Wooden aircraft propeller balancing is accomplished by sanding the heavier side of the propeller until it balances when placed on an axle between two points. With the propeller mounted on an axle, the axle is placed between two stands and allowed to rest. The propeller blades are then placed horizontally and released. If the blade begins to move, the propeller blade that begins to dip is the heaviest, so it is sanded. This operation is repeated until the propeller remains completely motionless when left to rest horizontally. When this occurs, propeller balancing has been accomplished.

With metal propeller blades, material is removed from the heavy blade by drilling into the propeller hub at the base of the propeller blade. As the drill bit makes its way into the hub, material is removed in the form of small curls of metal. In some instances, weight is added to the lighter side and then affixed to the propeller by welding, brazing or soldering. Often, the amount of weight by which the propeller is out of balance dictates the manner in which the unit is balanced.

In boat propeller balancing, the blades are often filed until the correct amount of weight has been removed to ensure the propeller is balanced. On very large ship propellers, balancing is often accomplished by adding slugs of Mallory metal to the lightest blades. Mallory metal is a very dense, and therefore very heavy, metal often used in balancing automobile crankshafts. When using this type of material to balance a propeller, the propeller is drilled, and the slug of Mallory metal is inserted and welded in place.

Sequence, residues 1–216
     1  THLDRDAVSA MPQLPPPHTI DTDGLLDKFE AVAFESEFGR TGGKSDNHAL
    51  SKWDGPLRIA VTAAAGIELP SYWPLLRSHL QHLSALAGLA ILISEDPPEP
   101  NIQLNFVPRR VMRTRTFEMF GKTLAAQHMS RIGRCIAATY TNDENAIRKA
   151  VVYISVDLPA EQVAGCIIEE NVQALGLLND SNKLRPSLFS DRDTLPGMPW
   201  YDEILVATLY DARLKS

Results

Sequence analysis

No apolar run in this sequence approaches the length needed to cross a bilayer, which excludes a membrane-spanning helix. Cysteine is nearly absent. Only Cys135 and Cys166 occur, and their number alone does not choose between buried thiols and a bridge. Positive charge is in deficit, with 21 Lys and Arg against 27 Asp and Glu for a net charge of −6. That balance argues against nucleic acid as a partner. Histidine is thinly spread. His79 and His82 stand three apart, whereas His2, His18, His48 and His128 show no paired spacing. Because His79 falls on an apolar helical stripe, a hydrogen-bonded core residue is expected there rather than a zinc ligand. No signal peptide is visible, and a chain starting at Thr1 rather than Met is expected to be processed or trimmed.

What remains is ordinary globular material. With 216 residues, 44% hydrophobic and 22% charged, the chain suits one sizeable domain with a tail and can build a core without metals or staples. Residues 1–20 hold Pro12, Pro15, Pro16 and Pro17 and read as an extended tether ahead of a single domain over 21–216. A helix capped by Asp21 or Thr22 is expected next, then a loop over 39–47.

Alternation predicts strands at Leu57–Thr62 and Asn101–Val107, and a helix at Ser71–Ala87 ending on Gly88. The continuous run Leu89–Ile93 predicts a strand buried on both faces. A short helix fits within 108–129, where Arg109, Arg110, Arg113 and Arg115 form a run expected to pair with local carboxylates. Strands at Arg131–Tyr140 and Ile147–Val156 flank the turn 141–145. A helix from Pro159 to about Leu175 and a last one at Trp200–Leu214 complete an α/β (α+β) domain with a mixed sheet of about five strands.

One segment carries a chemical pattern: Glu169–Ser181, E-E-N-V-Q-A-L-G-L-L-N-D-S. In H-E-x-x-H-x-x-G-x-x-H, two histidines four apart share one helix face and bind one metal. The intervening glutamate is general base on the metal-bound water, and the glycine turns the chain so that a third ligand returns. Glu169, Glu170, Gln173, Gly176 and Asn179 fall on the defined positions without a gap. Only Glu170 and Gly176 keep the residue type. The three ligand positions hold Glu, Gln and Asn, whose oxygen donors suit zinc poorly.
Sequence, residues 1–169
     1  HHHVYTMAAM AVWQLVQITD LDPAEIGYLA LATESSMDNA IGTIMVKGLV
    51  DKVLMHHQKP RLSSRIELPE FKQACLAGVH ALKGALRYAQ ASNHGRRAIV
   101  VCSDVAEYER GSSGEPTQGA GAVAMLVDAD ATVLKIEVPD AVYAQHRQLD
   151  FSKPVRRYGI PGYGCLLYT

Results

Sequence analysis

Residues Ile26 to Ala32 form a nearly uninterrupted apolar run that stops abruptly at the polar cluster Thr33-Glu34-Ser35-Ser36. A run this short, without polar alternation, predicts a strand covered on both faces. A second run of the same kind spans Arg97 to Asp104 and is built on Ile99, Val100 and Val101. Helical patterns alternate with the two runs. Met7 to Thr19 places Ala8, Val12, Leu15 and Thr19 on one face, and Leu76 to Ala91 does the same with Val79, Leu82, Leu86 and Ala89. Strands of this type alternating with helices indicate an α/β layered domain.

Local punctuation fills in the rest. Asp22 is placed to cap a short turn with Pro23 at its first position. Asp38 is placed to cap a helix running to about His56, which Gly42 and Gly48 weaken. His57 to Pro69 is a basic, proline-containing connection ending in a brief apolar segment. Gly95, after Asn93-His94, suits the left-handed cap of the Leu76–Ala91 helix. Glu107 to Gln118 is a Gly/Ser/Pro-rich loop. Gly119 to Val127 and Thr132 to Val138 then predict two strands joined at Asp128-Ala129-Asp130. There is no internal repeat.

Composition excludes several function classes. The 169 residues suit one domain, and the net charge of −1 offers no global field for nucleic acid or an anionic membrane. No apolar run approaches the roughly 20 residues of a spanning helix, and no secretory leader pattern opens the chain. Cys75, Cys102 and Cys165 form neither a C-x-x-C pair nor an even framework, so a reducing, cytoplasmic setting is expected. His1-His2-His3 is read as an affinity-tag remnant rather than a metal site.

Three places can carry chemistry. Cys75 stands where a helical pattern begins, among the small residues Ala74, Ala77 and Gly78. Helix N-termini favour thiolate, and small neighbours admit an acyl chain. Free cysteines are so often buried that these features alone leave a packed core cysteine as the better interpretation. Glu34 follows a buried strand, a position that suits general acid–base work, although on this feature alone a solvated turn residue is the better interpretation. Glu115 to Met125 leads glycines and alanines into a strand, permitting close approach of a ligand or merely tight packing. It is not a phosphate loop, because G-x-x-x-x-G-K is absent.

WikiMotors is dedicated to providing accurate and trustworthy information. We carefully select reputable sources and employ a rigorous fact-checking process to maintain the highest standards. To learn more about our commitment to accuracy, read our editorial process.
Discussion Comments
By anon946507 — On Apr 20, 2014

What is meant by a propeller out-of-balance?

WikiMotors, in your inbox

Our latest articles, guides, and more, delivered daily.

WikiMotors, in your inbox

Our latest articles, guides, and more, delivered daily.